The National Security Agency -- that name conjures up images of concrete barriers, fences with barbed wire, security guards and impenetrable buildings.
But on Monday, when a new group of pint-sized civilians arrive on the sprawling campus, they'll find a facility that's anything but typical NSA. In fact, the brand new, 18,500-square-foot facility is filled with colorful toys, games and tiny furniture. It even has toilets that stand about 12 inches off the ground.
After a decade of planning and pushing by parents, the NSA will open an on-site day-care center -- the largest licensed facility in Maryland -- to serve as many as 300 children, ranging from six weeks to five years old.
During a ribbon-cutting ceremony at the facility yesterday, Vice Adm. J.M. McConnell, the NSA's director, said he believes on-site day care is "the wave of the future."
"More than 50 percent of the work force is made up of women and by the end of the decade, more than 50 percent of NSA's work force will be women," said the admiral. "If all these women are in the work force, someone has got to take care of the children.
"I'm a strong believer in the unity of the family. I also believe in the unity of the NSA family. And this is a way we can do both," he said.
The center, which will be open from 6 a.m. to 6 p.m., will be operated by Children's World Learning Centers, Inc., one of the largest child-care providers in the country. Children's World, based in Golden, Colo., beat out four other bidders for the project. The NSA facility, located on Fort Meade grounds near the agency's main complex, is one of the largest of Children's Worlds' 500 centers across the country.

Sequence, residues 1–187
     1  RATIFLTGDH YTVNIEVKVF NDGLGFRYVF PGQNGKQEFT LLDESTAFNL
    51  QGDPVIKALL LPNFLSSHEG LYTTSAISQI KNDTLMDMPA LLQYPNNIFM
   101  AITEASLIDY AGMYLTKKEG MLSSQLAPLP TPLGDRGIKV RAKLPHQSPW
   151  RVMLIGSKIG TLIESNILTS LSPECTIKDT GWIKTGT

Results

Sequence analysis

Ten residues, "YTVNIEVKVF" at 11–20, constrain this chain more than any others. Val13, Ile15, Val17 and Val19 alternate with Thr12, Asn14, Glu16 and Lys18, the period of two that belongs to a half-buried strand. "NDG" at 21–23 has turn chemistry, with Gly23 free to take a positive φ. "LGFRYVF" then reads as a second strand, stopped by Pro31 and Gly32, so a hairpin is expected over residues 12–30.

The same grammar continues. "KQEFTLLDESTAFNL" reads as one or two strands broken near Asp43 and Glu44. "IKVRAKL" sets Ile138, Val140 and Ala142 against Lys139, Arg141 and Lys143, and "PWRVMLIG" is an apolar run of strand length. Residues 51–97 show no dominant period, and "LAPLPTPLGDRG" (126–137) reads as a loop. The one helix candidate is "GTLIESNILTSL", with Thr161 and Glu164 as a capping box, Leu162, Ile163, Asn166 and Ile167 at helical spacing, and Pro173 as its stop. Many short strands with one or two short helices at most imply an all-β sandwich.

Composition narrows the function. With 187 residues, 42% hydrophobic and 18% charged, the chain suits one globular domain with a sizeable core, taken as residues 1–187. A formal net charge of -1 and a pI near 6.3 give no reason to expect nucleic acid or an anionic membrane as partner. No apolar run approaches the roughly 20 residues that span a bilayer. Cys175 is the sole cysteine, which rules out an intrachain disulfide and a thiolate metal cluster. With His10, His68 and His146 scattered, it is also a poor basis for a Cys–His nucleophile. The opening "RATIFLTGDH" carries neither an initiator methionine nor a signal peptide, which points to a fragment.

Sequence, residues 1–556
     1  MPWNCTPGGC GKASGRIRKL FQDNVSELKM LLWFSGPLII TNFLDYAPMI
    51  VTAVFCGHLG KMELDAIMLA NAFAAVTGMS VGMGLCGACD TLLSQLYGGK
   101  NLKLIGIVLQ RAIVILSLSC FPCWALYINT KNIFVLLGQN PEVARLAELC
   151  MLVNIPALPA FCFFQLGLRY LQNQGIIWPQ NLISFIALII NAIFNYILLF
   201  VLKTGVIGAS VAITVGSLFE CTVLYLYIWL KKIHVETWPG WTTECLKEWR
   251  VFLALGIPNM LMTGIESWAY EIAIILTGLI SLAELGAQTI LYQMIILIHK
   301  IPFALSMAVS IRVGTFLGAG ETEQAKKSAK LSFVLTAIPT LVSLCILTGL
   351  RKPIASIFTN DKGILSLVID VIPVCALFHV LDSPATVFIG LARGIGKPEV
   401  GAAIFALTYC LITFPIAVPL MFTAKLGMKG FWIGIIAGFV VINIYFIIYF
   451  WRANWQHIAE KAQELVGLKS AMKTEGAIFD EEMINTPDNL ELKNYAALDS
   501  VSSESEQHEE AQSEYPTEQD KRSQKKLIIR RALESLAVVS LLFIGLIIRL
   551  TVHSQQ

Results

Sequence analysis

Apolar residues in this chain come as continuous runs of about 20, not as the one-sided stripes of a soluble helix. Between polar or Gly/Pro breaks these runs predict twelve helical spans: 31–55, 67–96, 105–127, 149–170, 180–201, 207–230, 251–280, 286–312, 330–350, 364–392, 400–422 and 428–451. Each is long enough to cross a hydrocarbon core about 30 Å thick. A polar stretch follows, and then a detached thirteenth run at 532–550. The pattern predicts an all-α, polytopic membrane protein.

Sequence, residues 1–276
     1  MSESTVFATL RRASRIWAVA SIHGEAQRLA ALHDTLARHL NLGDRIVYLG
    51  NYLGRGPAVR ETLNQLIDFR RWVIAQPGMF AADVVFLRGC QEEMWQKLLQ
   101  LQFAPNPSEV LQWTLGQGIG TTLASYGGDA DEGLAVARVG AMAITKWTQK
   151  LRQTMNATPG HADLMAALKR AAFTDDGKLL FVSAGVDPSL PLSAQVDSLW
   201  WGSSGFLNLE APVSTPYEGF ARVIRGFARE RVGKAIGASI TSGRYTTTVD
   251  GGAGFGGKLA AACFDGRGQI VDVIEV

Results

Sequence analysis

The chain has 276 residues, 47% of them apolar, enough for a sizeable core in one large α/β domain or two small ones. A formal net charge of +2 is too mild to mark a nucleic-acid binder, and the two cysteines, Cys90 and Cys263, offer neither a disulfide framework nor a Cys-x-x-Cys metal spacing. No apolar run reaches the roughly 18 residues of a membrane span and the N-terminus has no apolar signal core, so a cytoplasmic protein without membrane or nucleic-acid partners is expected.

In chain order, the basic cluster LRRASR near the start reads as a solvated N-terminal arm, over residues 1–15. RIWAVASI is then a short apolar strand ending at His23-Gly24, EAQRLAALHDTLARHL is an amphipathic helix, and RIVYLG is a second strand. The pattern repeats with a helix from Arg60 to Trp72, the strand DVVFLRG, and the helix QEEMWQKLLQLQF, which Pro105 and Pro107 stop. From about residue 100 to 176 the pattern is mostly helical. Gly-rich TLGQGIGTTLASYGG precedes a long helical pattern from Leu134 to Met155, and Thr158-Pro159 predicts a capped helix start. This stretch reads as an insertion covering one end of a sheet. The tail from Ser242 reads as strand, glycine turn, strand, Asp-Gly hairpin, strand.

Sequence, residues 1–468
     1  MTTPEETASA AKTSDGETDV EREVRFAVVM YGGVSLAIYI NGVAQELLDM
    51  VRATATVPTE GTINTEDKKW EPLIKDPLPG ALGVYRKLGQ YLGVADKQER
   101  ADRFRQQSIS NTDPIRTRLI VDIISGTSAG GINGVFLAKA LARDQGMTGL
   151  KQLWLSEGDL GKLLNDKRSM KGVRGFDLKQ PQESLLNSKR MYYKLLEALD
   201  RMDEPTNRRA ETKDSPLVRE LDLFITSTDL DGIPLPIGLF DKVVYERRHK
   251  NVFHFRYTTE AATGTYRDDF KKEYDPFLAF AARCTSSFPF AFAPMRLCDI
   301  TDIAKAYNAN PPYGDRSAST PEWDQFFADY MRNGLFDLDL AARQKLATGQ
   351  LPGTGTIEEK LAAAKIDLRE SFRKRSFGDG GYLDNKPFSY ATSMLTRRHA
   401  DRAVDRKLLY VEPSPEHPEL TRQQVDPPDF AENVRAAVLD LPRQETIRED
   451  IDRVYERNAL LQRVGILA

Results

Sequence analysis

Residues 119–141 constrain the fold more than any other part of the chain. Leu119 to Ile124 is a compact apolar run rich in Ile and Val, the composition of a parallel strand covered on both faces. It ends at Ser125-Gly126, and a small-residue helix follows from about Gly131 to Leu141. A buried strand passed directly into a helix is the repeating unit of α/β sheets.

NSA officials selected Children's World based on the quality of its program, which focuses on "child development," rather than baby-sitting, NSA Spokeswoman Judith Emmel said. Other factors considered were the cost to the user, cost to the government and the design of the building.
Duane V. Larson, president of Children's World, said the company's philosophy is to provide quality day care that focuses on educational activities. Families should have different options available so they can choose what's right for them, he said.
One parent, who asked not to be identified for security reasons, said she has two children in home day care in Columbia. She has enrolled her three-year-old in the NSA center because she wants a more stimulating environment for him, and plans to move her nine-month-old into the center at some later date.
"I've been involved with this from the ground up," said the woman, who added she started lobbying for on-site day care long before she had children. "I have a lot of confidence in this program."
The woman said an NSA employees' organization, called the Children's Development Center Association, played a central role in pushing for on-site day care. Many people have been involved with the project for 10 years, she said.
The center, a joint venture between the NSA and Children's World, will be supported primarily by the fees parents pay, which range from $132 a week for infants and toddlers to $80 a week for five-year-olds. NSA will continue to cover the facility's mortgage, utilities and fire insurance. Children's World has a lease agreement with the Department of the Army for use of the two-acre site.
The all-brick center, which includes 22 classrooms, cost about $2 million to build, which was covered by Children's World. Although the planning took years, construction of the facility moved quickly, Mr. Larson said. The NSA broke ground in January, and the facility was completed this week.